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Eyelid Surgery

What Is Involved In The Surgical Procedure?

Thursday, March 22, 2012 - 13:37

Contributing Author: Guy Slowik FRCS

Blepharoplasty usually is performed in an outpatient facility under local anesthesia in a matter of one or two hours. If local anesthesia is used, you will be well sedated but partially awake during the surgery. You may be able to tell that the surgeon is working on your eyes, but you will not feel any pain. If general anesthesia is used, you will sleep through the procedure.

Blepharoplasty usually is performed on the upper lids first, then the lower lids. Whether you are having upper, lower, or both lids done, the procedure generally follows this format:

  • Making the incision. Incisions will be made following natural lines and creases, extending into fine lines or crow's feet at the outer edges of your eyes.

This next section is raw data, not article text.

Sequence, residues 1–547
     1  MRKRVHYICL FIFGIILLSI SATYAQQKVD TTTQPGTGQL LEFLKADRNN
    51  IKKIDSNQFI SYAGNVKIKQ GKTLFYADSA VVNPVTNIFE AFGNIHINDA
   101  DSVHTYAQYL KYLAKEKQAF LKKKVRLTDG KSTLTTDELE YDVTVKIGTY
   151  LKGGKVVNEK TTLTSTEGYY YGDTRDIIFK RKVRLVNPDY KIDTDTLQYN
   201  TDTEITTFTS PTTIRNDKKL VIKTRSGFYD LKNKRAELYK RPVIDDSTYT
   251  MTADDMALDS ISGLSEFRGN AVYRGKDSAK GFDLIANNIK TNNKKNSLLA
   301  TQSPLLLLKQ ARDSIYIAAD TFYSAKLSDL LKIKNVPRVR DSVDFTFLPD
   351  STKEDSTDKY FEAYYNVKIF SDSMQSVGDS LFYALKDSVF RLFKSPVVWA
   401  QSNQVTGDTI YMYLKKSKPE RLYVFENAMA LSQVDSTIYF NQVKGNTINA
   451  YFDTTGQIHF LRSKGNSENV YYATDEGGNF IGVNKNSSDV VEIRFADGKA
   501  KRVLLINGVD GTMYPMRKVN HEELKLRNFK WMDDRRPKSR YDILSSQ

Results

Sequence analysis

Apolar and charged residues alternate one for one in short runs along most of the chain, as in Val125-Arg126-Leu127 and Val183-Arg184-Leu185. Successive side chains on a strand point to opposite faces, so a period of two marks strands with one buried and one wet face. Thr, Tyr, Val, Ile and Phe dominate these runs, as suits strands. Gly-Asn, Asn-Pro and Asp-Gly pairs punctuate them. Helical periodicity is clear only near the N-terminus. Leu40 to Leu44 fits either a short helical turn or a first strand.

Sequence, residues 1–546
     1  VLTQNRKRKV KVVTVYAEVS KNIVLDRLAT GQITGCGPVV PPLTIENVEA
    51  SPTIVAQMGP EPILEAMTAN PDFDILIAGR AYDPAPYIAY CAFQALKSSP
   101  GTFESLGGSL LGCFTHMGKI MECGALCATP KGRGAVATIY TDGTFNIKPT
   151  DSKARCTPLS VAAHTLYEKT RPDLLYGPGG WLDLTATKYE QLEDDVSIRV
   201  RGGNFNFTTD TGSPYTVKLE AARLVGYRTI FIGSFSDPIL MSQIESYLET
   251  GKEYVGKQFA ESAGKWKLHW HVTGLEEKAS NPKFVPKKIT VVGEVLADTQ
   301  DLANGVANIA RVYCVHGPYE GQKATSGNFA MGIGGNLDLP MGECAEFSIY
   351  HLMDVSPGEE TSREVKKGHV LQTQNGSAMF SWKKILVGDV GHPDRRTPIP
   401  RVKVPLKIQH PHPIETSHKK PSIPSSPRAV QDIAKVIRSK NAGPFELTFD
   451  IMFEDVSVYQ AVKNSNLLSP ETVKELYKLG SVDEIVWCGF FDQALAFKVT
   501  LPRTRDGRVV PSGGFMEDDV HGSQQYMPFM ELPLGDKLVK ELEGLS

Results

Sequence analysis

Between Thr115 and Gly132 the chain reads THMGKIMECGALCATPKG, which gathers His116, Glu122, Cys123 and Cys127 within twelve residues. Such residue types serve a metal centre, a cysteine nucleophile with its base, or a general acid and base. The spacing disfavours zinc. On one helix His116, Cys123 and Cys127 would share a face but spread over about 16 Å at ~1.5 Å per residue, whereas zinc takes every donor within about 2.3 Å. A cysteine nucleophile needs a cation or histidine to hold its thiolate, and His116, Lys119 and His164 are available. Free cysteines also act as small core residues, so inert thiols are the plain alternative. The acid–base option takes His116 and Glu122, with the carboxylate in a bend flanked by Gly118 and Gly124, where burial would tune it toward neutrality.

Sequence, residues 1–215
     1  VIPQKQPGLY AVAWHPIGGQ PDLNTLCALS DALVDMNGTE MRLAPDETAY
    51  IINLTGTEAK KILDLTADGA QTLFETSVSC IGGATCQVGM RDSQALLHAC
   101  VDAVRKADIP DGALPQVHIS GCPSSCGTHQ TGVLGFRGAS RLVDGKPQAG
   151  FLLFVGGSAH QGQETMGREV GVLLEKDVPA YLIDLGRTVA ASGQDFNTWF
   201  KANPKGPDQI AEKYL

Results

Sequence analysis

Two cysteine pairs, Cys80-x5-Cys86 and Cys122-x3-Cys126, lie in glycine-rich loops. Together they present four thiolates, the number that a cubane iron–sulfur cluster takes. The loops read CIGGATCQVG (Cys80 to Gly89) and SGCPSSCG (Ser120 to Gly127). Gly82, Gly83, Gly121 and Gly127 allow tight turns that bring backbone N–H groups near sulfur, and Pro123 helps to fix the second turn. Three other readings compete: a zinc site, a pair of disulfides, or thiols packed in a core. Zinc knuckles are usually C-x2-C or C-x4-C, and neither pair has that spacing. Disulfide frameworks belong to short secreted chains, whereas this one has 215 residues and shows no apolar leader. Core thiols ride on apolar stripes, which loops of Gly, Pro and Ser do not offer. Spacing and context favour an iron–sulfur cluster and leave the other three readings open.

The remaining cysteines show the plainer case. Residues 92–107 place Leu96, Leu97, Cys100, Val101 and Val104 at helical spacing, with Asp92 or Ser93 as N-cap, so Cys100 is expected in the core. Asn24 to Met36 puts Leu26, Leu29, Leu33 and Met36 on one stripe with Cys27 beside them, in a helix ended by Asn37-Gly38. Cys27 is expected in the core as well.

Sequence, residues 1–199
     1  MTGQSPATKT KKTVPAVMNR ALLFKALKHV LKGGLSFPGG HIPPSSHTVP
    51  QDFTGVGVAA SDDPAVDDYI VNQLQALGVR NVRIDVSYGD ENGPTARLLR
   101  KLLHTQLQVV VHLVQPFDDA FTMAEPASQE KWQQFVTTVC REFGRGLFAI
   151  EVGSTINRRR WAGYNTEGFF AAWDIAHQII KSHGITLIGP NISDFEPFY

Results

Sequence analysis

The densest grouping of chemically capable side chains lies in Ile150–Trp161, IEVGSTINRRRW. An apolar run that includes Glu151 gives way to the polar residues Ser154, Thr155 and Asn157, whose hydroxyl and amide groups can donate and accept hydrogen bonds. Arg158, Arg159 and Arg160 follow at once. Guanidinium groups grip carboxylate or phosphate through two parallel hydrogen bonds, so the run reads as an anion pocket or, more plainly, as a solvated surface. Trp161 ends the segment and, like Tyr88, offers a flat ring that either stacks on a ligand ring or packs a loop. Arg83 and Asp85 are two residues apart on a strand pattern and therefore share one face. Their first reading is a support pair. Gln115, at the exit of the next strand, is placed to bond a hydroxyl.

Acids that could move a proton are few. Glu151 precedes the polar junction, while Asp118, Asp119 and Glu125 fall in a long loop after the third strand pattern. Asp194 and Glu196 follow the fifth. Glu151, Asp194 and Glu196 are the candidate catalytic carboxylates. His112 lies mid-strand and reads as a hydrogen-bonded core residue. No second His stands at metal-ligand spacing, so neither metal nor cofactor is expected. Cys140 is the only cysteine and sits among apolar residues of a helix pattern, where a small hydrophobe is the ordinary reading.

• Achieving a better shape. Excess skin, fat, and muscle are removed at the surgeon's discretion.
  • Closing the incisions. The number of sutures (stitches) varies, depending on your surgeon's judgment. These delicate sutures will be removed three to four days after your surgery. Hairline scars will fade, becoming barely visible within 6 to 8 weeks.
  • Protecting the eyes. Moist gauze will be applied to your eyes after sutures are in place.

Nice to Know:

Alternative Blepharoplasty

In a procedure called transconjunctival lower eyelid blepharoplasty, an incision is made on the inside of the lower eyelid with a laser. The excess fat is then removed. The settings on the laser are adjusted, and the external skin of the lower eyelid is "resurfaced." When sutures are used to close this kind of incision, they are invisible to the eye. They are also self-dissolving and leave no visible scar. With this procedure, you will be sedated.


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